Hedging against tail events in equity markets has been forcefully advocated in the aftermath of recent global financial crisis. Whether this is beneficial to long horizon investors like employees enrolled in defined contribution (DC) plans, however, has been subject to criticism. We conduct historical simulation since 1928 to examine the effectiveness of active and passive tail risk hedging using out of money put options for hypothetical equity portfolios of DC plan participants with 20 years to retirement. Our findings show that the cost of tail hedging exceeds the benefits for a majority of the plan participants during the sample period. However, for a significant number of simulations, hedging result in superior outcomes relative to an unhedged position. Active tail hedging is more effective when employees confront several panic-driven periods characterized by short and sharp market swings in the equity markets over the investment horizon. Passive hedging, on the other hand, proves beneficial when they encounter an extremely rare event like the Great Depression as equity markets go into deep and prolonged decline.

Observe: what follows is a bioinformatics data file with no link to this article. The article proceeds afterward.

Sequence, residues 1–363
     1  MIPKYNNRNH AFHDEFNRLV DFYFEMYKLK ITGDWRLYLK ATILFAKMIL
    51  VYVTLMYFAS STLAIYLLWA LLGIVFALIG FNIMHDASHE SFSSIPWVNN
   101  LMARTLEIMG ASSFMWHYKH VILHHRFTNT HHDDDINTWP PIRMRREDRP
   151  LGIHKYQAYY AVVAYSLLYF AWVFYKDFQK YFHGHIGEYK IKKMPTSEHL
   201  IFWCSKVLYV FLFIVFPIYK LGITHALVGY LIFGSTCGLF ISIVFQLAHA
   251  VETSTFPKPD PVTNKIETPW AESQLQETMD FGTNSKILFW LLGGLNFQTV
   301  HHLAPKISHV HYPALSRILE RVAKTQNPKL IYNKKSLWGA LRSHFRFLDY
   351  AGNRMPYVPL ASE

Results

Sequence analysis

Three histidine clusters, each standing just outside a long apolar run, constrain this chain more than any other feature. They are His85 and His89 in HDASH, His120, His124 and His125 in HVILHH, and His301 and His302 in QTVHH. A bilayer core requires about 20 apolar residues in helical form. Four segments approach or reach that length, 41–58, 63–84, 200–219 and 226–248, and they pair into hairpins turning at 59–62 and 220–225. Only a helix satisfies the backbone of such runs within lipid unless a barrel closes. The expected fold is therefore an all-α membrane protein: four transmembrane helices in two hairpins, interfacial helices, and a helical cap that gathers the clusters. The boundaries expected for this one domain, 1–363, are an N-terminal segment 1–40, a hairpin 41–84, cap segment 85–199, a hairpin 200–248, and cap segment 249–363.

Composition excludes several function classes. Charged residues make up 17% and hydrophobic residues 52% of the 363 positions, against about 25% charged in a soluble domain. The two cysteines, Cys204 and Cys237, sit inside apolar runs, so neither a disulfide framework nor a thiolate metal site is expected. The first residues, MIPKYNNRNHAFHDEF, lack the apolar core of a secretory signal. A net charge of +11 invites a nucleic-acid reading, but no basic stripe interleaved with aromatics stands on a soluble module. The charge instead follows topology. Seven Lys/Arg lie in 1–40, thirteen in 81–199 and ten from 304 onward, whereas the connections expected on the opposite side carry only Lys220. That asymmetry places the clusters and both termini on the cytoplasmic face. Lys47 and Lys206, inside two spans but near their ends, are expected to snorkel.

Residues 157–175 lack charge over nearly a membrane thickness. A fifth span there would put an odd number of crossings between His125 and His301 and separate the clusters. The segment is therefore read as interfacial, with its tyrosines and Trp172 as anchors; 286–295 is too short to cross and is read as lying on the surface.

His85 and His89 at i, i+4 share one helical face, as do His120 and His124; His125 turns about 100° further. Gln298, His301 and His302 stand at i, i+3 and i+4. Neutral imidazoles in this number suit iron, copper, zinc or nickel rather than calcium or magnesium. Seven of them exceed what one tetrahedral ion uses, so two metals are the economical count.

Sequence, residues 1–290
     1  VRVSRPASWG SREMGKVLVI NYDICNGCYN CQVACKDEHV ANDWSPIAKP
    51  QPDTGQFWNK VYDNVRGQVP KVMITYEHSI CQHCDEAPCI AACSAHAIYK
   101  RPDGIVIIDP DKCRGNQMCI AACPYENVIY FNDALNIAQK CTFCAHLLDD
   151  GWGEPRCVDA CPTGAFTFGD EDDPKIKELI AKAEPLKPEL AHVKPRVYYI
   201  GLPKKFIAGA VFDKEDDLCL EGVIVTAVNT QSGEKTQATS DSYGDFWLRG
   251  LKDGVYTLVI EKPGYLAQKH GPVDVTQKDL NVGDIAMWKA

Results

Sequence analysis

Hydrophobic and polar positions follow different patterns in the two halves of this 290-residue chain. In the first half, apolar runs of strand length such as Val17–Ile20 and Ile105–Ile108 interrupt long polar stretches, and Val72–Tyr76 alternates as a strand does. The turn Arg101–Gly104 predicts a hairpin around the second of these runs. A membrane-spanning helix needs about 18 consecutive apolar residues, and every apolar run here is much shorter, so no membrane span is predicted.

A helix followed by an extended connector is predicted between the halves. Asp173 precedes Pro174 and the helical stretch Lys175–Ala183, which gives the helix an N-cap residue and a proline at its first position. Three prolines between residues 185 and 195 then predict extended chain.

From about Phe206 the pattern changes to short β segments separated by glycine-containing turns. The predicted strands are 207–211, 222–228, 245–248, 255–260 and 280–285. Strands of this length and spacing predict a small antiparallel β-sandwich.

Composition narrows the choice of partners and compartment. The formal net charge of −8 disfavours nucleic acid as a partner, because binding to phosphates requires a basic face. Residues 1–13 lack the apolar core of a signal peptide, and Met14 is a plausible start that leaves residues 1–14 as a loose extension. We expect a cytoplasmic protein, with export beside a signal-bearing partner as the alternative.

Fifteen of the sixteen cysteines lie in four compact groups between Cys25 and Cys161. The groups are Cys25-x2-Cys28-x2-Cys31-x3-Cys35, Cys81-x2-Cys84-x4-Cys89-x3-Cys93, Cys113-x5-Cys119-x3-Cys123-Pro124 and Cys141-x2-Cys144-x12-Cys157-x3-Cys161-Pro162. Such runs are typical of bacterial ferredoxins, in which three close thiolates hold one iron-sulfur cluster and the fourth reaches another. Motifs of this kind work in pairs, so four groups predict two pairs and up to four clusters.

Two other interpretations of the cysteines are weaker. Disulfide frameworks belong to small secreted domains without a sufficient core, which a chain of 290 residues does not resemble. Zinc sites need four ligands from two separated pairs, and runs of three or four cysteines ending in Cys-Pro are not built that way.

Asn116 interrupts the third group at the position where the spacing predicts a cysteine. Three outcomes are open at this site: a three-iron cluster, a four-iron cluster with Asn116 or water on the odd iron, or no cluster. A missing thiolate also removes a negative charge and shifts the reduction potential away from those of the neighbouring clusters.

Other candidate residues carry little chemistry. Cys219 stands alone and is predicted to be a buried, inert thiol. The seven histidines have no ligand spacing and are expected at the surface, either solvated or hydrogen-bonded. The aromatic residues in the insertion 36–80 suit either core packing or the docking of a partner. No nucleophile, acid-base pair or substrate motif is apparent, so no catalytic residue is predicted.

|Number of pages||26|
|Journal||Journal of Pension Economics and Finance|
|Publication status||Published - 9 Jul 2015|
- tail risk
- active hedging
- risk management